Have just been reading about the “Art-Rebate” project that happened in San Diego in 1993.
(John C. Welchman, Bait or Tackle? An Assisted Commentary on Art Rebate/Arte Reembolso, Art and Text 48, May 1994, p31…)
Three artists got a grant of US$5000 to complete a public art piece as part of an exhibition called “La Frontera/The Border” at the Centro Cultural de la Raza and the Museum of Contemporary Art, San Diego. The artists divided $4500 of the money into ten dollar bills, and handed them out, one at a time, to “undocumented immigrant workers” in the San Diego area. The premise was clear – to provide a “rebate” (more symbolic than financially useful) to some of the many thousands of “illegal” workers in southern California, who “pay considerably more taxes than they consume in public services and welfare. The fact of their labor poses no or little threat the the job security of other local workers. The immigrants take jobs and accept standards that are below the expectation threshold of citizen-workers. They are unjustly scapegoated for the economic fallibility of the state”.
It`s an interesting action, partly because it is deliberately antagonistic – certainly the artists knew that Art Rebate was going to irritate the national funding body which provided the grant, via the Museum. The barrage of negative (and positive) media stimulated by the project`s press releases were very much to be considered an integral part of the project itself. In fact, this symbolic value in Art Rebate somewhat outweighs its potential practical benefits…although one columnist pointed out, some recipients immediately rushed off to buy lunch with their rebate, it has to be said, the $10 is not going to buy much more than that.
Welchman describes Art Rebate as “post-conceptual”…I suppose the reason for this is that it shares some things in common with the kinds of “conceptual” work made in the early 1970s, ie an interest in its own means of production (where does art come from, what are the channels and structures that create and distribute the art?), yet, the “post-” is appropriate, not only because of the two decade time lag, but also because Art Rebate has some characteristics which were very rarely found in the original (capital C) Conceptual Art… namely, a specific, local, interaction with real-world politics (completely separate from the politics of the art-world).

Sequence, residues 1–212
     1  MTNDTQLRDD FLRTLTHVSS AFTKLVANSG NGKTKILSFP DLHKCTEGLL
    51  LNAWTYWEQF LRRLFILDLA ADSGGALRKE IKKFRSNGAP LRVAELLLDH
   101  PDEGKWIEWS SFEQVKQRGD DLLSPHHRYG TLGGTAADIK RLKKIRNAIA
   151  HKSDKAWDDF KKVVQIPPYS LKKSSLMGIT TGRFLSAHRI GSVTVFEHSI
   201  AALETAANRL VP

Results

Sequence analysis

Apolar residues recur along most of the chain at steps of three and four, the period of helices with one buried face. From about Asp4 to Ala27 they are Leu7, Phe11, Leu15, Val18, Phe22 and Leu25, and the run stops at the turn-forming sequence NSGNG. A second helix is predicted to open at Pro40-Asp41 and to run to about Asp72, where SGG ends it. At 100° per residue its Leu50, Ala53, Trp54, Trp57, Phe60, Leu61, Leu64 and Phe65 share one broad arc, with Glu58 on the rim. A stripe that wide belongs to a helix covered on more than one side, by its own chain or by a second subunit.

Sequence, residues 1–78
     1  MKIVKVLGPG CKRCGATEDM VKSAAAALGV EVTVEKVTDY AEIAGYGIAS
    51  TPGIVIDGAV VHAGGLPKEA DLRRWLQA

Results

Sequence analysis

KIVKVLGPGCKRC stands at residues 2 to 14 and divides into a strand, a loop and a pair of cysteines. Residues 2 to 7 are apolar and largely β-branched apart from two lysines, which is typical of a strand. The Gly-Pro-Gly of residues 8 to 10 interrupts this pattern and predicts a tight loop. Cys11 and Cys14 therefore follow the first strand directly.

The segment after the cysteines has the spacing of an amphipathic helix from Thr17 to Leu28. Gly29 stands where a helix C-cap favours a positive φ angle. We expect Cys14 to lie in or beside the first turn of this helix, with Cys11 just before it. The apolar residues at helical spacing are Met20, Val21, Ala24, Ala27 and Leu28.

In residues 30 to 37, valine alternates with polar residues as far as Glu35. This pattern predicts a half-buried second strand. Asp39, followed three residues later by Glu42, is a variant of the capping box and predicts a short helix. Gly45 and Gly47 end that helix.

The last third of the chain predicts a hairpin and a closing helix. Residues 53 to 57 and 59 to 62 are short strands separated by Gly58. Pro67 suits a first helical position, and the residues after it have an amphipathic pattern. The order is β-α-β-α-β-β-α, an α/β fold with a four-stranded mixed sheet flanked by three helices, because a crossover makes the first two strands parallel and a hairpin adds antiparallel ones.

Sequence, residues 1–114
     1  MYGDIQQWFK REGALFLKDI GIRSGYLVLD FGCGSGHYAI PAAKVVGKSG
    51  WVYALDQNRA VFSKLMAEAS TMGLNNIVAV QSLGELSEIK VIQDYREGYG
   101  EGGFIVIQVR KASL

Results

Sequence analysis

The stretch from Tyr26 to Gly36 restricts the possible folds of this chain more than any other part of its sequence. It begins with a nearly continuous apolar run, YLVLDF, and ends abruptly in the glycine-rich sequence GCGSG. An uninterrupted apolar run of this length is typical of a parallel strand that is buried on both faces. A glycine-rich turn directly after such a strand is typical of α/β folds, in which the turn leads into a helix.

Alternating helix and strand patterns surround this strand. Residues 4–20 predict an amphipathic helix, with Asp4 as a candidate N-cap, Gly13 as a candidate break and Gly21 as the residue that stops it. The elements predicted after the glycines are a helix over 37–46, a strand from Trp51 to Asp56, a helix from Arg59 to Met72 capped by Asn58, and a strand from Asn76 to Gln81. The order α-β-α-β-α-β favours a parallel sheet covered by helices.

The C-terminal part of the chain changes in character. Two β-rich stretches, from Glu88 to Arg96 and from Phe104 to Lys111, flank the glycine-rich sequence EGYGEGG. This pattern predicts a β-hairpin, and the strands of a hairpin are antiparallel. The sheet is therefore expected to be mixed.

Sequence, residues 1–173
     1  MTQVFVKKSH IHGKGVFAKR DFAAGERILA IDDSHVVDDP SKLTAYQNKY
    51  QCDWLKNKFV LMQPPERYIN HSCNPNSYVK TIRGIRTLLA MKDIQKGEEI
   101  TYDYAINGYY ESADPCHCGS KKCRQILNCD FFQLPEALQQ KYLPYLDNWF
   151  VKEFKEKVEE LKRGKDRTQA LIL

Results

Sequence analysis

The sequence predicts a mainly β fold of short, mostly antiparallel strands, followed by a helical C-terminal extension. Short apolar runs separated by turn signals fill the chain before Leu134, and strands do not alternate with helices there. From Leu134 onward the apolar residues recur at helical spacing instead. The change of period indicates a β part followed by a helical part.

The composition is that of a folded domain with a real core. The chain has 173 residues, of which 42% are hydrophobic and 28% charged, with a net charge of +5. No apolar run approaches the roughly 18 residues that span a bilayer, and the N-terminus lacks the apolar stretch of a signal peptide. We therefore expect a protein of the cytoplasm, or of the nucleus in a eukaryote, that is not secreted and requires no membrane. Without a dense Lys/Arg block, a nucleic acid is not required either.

(Art Rebate/Arte Reembolso, July 1993, Louis Hock, Liz Sisco, David Avalos)
[postscript – more San Diego/Tijuana stuff (about architect Teddy Cruz) here.]
As Sisco noted in a discussion of the Art Rebate/Arte Reembolso project of 1995, ‘Art is about framing and re-framing things, and [David Avalos, Louis Hock, and I] think that the way that this issue [undocumented immigrant workers in Southern California] has been framed is a problem’ In other words, Sisco and her collaborators bring an aesthetic awareness of the function of framing (in which what is excluded is as important as what is included) to their examination of the ways in which the mass media and politicians in Southern California have worked to construct a particular image of undocumented immigrant workers.
…The above quote is from pp12-13 of an essay “Ongoing Negotiations: Afterimage and the Analysis of Activist Art”, by Kester, Grant H, in a book (edited by him) called Art, Activism and Oppositionality – Essays from Afterimage, 1998, Duke. The Sisco quote originally comes from a panel discussion “Production and Representation in Contemporary Art” at the Cranbrook Academy of Art (Nov 11, 1995).
Kester also refers readers to an article about these artists by Cylena Simonds, called “Public Audit: an Interview with Elizabeth Sisco, Louis Hock and David Avalos” in Afterimage 22, No 1 (Summer 1994) pp 8-11.